chris0101 wrote:12. Their favourite apps don't work on Linux or cannot be Wined (or they have never heard of Wine). Furthermore, no Linux equivalent exists. This is especially a problem in the professional world. Solving this could go a long way to getting profit motivated corporations to adopt Linux more as the costs of running Linux are cheaper (despite what Microsoft claims).
That is probably No.1 on the list.
Most popular linux distributions are no harder to use than Windows, but I already said it in another post Linux falls short on hitting the mark on all the top uses for every day home computer users.
[*]Communications - E-mail, Instant Messenger etc.
[*]Listening to Music - MP3, streamed music, sometimes you have to install Audio Codecs
[*]Watching Video - Most don't include Flash or DvD support or Codecs
[*]Web Browsing - Konquer sucks... FF or Chrome are acceptable.
[*]Gaming - WINE is a good step still isn't "there" yet.
Out of the Box Linux releases generally hit 3 out of the 5. Linux Mint is an exception it hits on at least 4. Watching Video and Gaming usually requires additional software, either Codecs for Video, and WINE for games and that's if
the software is compatible, and often when it does run there are graphical/framerate/audio glitches. Linux needs commercial support to become something people will "want" to use, otherwise they will stick with the tried and true, though often annoying, Windows and Mac OS markets.
For business useages, Linux is iffy, if you are a large very profitable company you just have your software custom made, for small businesses unless you just want to use it as a File/Print server or as a terminal for software on a server somewhere then it's fine. But from what I've seen in most small businesses, they don't use Linux because the majority of the software has DYI support. You look things up and have to fix it yourself. They don't have time to spend doing all that when with Windows software you can submit a help ticket, or call someone and get walked through things or someone can come and fix it for you. Generally when something "borks" small businesses will be busy handling business not screwing around with a command line.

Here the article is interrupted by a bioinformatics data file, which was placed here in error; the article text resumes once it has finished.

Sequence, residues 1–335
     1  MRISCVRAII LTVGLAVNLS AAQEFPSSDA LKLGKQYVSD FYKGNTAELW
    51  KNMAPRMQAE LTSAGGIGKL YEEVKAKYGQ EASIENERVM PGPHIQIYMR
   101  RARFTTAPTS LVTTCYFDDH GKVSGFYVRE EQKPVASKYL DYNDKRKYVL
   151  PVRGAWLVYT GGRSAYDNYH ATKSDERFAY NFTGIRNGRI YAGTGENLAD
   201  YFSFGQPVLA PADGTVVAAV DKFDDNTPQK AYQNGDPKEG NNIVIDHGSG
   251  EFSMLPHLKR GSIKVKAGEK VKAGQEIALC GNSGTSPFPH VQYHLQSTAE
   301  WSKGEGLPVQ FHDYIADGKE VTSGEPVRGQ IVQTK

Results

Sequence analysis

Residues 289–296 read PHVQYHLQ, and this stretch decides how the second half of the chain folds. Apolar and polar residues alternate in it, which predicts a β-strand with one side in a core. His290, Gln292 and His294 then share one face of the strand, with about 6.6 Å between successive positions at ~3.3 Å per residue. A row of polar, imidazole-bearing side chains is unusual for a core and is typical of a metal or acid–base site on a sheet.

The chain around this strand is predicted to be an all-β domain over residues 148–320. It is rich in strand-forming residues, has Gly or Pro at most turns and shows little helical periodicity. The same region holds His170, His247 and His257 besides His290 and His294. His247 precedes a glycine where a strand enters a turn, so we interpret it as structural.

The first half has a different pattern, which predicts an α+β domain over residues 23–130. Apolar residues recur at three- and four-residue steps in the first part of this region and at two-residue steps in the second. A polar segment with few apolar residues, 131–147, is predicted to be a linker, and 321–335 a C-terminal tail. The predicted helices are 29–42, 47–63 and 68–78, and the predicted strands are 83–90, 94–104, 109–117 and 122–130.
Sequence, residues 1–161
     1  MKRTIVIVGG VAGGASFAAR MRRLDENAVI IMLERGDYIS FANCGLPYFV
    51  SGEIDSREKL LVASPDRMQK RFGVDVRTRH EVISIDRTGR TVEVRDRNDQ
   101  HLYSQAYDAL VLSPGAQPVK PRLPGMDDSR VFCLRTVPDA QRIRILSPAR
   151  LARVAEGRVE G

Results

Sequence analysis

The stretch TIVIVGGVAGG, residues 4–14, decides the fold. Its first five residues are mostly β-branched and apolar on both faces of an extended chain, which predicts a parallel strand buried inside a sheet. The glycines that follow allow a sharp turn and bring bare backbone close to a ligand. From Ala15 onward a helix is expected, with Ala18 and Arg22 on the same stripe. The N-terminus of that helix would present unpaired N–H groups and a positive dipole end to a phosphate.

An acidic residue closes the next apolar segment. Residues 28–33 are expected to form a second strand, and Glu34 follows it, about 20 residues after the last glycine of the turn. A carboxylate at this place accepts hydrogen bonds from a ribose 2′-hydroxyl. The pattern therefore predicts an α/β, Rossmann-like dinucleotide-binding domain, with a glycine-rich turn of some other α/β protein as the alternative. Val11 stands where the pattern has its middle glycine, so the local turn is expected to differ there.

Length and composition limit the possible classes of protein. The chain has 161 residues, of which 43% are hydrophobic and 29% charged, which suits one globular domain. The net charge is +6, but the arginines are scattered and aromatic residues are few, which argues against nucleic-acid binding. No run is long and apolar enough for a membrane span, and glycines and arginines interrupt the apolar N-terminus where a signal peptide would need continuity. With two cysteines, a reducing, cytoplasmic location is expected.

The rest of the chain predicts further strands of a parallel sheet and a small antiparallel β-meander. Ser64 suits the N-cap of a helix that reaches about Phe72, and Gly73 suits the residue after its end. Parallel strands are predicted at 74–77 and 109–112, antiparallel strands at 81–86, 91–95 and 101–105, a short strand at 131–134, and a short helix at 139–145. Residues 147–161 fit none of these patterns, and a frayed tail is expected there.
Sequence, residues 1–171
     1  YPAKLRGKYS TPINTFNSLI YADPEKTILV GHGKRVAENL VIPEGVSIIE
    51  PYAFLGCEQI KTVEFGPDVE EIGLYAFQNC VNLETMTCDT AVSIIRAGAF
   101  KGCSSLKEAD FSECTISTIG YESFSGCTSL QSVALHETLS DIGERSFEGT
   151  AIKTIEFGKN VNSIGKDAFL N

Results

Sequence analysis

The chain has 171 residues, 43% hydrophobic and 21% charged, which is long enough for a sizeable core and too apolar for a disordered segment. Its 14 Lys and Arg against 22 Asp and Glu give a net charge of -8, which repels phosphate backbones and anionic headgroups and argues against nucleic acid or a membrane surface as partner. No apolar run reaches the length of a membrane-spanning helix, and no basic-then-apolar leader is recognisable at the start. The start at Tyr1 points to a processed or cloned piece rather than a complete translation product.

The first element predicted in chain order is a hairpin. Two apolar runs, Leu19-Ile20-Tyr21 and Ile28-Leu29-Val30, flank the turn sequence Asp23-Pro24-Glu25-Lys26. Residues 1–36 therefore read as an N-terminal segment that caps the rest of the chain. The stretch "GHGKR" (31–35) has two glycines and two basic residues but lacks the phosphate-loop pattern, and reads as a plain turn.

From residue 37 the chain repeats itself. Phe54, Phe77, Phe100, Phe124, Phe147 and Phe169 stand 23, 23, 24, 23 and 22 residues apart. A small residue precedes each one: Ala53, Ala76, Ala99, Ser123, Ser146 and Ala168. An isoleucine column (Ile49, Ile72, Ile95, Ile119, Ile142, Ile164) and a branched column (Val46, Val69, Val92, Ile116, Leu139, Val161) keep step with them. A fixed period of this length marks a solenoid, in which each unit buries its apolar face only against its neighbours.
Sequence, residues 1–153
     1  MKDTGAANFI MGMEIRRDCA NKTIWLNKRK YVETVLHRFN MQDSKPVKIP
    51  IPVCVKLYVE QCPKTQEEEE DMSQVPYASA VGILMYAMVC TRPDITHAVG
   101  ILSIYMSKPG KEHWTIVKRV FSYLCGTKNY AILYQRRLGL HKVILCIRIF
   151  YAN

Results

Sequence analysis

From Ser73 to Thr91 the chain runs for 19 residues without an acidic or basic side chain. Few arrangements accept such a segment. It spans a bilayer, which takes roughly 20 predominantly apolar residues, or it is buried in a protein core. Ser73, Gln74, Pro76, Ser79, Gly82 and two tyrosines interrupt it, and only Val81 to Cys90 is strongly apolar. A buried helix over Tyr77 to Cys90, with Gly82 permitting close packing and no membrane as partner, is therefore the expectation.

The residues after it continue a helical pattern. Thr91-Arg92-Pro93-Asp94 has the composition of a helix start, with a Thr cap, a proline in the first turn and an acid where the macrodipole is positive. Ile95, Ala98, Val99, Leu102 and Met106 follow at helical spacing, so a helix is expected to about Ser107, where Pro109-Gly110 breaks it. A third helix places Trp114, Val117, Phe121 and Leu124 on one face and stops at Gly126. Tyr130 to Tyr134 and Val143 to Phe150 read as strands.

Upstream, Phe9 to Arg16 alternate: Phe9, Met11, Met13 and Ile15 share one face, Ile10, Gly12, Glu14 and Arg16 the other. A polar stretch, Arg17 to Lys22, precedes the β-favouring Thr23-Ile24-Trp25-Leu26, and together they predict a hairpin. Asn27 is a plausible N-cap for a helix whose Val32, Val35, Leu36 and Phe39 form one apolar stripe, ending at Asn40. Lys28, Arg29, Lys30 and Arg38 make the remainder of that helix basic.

The next thing hurting Linux more than anything in my opinion is no unified installer format. Most end users don't want to compile code for their system, most developers either don't want to release their code or have to build 5 different installer packages, this is especially true of Commercial developers. If I wanted to install a fictional game called "Monkey Poo Slinger Simulation 2011" I don't want to have to go check to see if it's compatible with WINE, and if it is do possibly half a dozen work around to get it installed and working properly, and if I'm on 64-bit Fedora pray it doesn't have a runtime dependency that 64-bit WINE doesn't support, because then I have to compile my own WINE install as well. I want to click on a installer, enter my password and watch it install and enjoy it. If I'm on MINT and there is a .deb package for it fine it works, but what if I'm on Fedora and there isn't an .rpm? or only available as a Superdeb, urpmi? Get what I'm saying here, it is impractical for Commercial developers that will want to protect and control their source code to develop for Linux. Is there anything wrong with them wanting to protect and control their code, no absolutely not. Is it wrong they aren't supporting Linux, no it's not, we talk about freedom of choice in what software we can use, which distribution we use, they have the freedom to choose which platform they want to support, don't like it Dual Boot or limit yourself to WINE compatible Commercial software if a suitable alternative isn't available. Most people though just go to or back to Windows, or OSX. It does what they want, no installing codecs to watch DvD's all their commercial apps are available, no biggie, for them it's practical. Me, I Dual Boot, there are a few things I prefer that do not and will not every work on Linux natively, why? Because Microsoft owns them.